by GARRY CARNEGIE and LEE PARKER
Global university rankings have recently come under the microscope in Campus Morning Mail. This comes at a time when many public universities seem obsessed with their selective positioning from a smorgasbord of available GURs.
Recently, Nicholas Fisk and Daniel Owens of UNWS drew attention to the notion of “us too” in the growing rankings world of metrics mania. They observed:
“Stock exchanges smooth variation through whole market barometers like the All Ords, while investors use a basket of currencies to diversity against volatility. Tennis, golf, rugby, and cricket have each an established international system that collates performance over a range of individual events. So why not academia?”
The answer may lie in the following reflections:
* public universities are public institutions each with a mission and a vision
* public institutions are publicly funded, not-for-profit charities
* public organisations serve the public interest for the betterment of society
* in the public interest, universities are accountable for their public benefit, including answering big questions and solving wicked problems.
* aggressive competition by public universities carries potential impacts on local, national and international public interest.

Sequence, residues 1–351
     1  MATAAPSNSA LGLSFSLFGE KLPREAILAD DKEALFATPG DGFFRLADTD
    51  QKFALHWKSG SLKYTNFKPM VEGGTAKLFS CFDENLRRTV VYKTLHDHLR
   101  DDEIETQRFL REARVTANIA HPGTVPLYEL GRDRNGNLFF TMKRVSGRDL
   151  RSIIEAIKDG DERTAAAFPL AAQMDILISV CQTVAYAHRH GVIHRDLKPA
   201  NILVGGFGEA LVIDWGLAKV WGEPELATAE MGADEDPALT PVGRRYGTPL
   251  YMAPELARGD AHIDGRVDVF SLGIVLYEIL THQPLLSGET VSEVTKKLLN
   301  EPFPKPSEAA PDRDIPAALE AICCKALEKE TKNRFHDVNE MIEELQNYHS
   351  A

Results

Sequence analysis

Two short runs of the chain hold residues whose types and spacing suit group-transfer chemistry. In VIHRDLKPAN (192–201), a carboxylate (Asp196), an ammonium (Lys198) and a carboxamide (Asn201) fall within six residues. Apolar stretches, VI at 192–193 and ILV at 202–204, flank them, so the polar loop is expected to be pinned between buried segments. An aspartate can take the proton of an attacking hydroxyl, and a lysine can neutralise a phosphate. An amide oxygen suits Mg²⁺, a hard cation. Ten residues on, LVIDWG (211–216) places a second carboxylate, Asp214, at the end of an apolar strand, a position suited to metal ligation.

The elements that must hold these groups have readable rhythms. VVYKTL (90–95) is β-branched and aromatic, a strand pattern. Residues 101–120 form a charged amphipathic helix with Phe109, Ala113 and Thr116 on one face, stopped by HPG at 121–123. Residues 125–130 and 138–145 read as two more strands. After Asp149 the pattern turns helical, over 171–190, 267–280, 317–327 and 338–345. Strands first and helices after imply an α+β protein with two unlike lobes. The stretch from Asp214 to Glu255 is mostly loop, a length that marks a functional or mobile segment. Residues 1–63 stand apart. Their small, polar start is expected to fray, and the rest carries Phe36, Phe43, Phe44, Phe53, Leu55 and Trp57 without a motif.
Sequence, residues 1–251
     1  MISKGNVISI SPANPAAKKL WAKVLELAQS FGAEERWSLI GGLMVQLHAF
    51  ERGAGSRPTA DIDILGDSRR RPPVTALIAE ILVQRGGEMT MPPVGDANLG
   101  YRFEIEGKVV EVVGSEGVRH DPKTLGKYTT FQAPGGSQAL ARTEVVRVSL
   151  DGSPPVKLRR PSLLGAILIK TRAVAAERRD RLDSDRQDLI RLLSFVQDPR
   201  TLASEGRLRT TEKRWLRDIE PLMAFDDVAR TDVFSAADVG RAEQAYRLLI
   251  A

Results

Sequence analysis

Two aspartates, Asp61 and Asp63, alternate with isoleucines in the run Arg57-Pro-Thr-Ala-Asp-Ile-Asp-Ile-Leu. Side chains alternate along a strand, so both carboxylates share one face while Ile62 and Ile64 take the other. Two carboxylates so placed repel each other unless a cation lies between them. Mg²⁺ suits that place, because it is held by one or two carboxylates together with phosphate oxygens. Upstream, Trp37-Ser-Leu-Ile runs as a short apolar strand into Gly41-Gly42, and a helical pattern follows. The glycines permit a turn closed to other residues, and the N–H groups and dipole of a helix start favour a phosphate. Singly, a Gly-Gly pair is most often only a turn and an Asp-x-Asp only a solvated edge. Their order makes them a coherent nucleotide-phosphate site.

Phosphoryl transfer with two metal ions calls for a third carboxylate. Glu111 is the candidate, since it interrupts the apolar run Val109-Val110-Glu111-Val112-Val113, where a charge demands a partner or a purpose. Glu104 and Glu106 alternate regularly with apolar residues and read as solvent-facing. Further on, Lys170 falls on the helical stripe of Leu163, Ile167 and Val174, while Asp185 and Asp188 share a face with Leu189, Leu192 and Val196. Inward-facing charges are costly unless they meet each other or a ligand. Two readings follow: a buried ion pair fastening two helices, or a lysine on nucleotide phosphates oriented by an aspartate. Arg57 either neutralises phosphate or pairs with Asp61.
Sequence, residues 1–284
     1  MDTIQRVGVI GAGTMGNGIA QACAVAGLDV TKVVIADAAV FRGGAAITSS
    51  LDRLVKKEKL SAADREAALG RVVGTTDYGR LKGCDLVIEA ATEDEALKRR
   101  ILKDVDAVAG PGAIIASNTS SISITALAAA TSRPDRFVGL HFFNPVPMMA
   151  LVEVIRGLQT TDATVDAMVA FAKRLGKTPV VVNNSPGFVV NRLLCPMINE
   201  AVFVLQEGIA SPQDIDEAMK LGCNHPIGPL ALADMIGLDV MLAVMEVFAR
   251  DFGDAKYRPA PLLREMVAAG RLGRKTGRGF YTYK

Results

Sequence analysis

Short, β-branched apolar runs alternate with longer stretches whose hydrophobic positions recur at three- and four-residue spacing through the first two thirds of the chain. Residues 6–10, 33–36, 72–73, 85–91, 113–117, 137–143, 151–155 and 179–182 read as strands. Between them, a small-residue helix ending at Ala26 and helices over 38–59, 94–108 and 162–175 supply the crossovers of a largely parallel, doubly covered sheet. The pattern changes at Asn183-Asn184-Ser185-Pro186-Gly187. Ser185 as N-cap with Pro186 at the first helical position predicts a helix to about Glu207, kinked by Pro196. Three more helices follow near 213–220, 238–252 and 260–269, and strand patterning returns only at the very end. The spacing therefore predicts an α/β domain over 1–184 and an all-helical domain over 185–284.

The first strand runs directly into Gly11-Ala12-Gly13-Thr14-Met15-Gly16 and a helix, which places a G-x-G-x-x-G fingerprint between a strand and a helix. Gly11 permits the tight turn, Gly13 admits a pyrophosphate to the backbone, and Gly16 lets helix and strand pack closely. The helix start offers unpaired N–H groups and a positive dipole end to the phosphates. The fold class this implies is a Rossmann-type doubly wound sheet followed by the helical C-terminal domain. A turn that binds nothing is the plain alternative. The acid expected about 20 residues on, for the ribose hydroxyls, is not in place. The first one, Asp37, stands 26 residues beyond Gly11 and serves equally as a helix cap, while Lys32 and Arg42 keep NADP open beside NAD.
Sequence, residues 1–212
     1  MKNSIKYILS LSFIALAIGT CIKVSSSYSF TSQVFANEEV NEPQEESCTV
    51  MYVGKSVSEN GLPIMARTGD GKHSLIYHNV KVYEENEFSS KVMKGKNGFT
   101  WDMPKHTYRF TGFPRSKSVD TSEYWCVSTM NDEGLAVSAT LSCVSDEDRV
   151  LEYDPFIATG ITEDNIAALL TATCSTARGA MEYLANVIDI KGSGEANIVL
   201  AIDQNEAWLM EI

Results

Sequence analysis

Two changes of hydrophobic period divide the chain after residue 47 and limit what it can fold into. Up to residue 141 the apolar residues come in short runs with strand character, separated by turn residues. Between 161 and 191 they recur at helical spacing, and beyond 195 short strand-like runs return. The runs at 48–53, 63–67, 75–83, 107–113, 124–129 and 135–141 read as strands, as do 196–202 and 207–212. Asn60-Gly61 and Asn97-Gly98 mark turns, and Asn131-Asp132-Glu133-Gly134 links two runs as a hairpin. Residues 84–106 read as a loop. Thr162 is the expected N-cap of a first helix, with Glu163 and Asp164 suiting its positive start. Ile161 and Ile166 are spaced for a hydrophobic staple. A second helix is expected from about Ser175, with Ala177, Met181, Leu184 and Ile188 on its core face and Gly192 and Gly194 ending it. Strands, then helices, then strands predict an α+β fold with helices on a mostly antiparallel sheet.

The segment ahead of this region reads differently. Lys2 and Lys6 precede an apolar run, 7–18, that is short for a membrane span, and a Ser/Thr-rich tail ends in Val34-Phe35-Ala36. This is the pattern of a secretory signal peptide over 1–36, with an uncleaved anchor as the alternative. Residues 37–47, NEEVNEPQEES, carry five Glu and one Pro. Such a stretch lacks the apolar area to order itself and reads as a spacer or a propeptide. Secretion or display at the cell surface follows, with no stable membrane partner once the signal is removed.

Following Fisk and Owen, the Australian Securities Exchange Ltd (ASX) All Ords is not a key performance indicator (KPI) of the ASX or of any corporation on the stock market but is a benchmark index for gauging the performance of the broader Australian stock market.
GURs are nothing but KPIs. A public university that has replaced an aspirational mission to serve society and act in the public interest with an objective “to be ranked in the world’s Top 100 universities”, has replaced a mission with a KPI.
This triggers at least two key questions. What is the public university’s charter? What is it doing to serve the accountability for its public funding and privileged charity status?
Moving to sports, in tennis and golf, players are ranked in some way, arguably commodifying them. Cricket and rugby are team sports, where teams are ranked on a league ladder. These teams are rarely constituted and operated as public institutions where there is a clear public interest to be served. Are any cricket and rugby teams in Australia classified as charities like the country’s publicly funded universities, rendering donations to these organisations tax-deductable?
The rankings of research media (e.g., journals) and institutions (e.g., public universities) contribute to the dumbing down of organisational culture. Staff are required to act instrumentally in pursuit of flawed metrics (KPIs) that have become ends in themselves (known as goal displacement) to prop up their university’s global rankings without regard to societal mission and impact.
The consequent corruption of university mission is thus driven by this developing mania-driven competition for a competitively advantageous position on the GURs. This is self-evident when we observe that “our universities have moved from a university model based on cooperation between public universities to one premised on competition between the same institutions” (Carnegie, CMM, October 6; also see Carnegie, CMM, September 1).